We Still Remember

We Still Remember

December Sixth

Private Nelson tonight learns about privates
As the sea breeze lulls him in the arms of a lass
He never knew before -- but will, shortly,
And of a sadder tomorrow he will not forget.

Seaman Jacobs, just come from boot camp
And glad heís a grad, stands a dull training watch
Overlooking the bay as soft waters lap the piers
Down on Battleship Row: on ARIZONA.

Airman First Koval, come from coal country
To Paradise, sits in the Orderly Room, shamed
By MPs who, doing their duty, brought him here:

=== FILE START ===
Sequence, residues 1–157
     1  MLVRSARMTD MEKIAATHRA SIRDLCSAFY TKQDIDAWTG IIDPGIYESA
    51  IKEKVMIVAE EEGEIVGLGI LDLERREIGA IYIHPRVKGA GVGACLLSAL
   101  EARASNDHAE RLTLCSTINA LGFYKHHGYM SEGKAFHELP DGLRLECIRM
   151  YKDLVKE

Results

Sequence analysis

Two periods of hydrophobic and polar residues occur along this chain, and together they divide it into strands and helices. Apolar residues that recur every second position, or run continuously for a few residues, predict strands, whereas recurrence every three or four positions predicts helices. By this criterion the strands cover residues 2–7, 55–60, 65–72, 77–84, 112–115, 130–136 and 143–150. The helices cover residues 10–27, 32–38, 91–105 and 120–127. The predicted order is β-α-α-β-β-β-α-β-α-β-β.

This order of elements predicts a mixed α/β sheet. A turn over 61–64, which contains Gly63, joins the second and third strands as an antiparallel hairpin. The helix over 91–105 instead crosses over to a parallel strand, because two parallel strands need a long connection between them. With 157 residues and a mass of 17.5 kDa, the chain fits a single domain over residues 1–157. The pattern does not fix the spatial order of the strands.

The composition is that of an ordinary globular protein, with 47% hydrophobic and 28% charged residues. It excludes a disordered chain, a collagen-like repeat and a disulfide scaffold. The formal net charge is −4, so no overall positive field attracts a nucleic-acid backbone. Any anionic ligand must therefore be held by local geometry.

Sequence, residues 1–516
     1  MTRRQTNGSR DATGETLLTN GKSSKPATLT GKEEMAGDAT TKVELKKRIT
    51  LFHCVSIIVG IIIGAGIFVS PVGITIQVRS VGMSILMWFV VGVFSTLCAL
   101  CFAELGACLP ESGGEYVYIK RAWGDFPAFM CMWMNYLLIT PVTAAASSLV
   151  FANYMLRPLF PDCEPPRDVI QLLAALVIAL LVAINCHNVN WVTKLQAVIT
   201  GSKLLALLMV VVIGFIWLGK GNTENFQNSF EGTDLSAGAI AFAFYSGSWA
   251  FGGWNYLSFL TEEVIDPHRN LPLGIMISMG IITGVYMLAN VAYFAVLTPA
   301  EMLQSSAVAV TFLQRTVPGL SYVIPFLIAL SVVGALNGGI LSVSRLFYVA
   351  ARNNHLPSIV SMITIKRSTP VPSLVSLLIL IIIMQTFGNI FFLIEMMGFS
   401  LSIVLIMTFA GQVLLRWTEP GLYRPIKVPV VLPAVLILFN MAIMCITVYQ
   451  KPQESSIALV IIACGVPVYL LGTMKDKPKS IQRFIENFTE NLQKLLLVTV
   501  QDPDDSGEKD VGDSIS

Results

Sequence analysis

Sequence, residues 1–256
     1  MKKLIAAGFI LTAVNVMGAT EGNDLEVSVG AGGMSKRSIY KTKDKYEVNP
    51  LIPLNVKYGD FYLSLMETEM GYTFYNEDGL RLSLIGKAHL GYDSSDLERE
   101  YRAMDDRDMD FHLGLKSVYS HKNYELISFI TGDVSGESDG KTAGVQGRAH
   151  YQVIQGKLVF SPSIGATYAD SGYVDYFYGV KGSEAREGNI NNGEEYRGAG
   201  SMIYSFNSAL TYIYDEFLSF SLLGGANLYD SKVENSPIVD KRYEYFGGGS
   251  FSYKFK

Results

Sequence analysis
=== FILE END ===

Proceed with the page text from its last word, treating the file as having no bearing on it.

Tomorrow he must stand tall.

Three hundred sea miles distant, men concentrate
On what will come; they pray to ancestors, or work
Simple arithmetic: Distance is Rate Times Time,
And then they do it again, waiting...

Mechanics make rounds of their sunspot eagles,
Checking this and that, caressing the motors,
Filling fuel tanks and thinking of sunup
When the flock will depart, bomb-loaded.

And somewhere over Oahu an albatross seeks sky
That will not be emptied of blood and bone
For years to come. It finds its thermal wind and glides,
As Sunday rises to a full red sun.

Sixty years hence, none remain but Koval:
He, a minerís father in Shanksville, PA,
Where the sky fell lately, and then also a mine,
Art Koval remembers most a day long ago.

By Steven C. Myers, used by permission

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